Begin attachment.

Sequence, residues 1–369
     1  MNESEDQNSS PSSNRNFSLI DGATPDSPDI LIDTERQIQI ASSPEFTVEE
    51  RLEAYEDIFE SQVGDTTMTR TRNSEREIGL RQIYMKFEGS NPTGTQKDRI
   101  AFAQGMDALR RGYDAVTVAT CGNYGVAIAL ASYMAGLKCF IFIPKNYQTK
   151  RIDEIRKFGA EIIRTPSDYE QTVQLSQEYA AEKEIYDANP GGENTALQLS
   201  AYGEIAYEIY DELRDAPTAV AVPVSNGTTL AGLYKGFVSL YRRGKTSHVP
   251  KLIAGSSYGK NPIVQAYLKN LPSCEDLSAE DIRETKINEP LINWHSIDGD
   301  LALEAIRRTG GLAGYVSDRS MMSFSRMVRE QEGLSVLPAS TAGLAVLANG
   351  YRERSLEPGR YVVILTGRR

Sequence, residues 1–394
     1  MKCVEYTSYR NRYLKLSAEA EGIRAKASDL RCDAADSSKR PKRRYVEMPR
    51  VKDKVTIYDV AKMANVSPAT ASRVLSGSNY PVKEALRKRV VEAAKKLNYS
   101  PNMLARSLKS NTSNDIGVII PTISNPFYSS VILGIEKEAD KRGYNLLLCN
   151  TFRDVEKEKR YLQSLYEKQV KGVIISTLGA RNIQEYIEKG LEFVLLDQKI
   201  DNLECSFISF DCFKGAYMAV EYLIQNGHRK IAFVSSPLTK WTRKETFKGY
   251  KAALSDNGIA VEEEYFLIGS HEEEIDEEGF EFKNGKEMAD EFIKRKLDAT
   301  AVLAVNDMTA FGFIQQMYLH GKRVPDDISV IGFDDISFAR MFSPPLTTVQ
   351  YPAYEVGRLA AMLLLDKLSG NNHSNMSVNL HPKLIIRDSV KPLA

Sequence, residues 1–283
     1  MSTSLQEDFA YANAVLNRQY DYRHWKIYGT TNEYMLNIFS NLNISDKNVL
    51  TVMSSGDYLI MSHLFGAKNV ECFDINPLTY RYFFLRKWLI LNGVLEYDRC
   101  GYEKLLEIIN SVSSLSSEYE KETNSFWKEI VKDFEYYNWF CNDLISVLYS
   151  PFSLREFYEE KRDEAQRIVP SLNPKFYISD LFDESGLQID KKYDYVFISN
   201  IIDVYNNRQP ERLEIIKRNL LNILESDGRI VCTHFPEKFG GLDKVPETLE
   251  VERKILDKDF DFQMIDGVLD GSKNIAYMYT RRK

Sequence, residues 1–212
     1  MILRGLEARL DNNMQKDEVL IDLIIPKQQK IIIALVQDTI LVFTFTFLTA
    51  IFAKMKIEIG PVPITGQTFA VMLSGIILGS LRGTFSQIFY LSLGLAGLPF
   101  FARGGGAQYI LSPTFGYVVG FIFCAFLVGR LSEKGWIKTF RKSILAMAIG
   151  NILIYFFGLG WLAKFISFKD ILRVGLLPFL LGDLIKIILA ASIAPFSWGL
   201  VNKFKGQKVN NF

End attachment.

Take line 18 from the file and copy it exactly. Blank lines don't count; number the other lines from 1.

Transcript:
   351  YPAYEVGRLA AMLLLDKLSG NNHSNMSVNL HPKLIIRDSV KPLA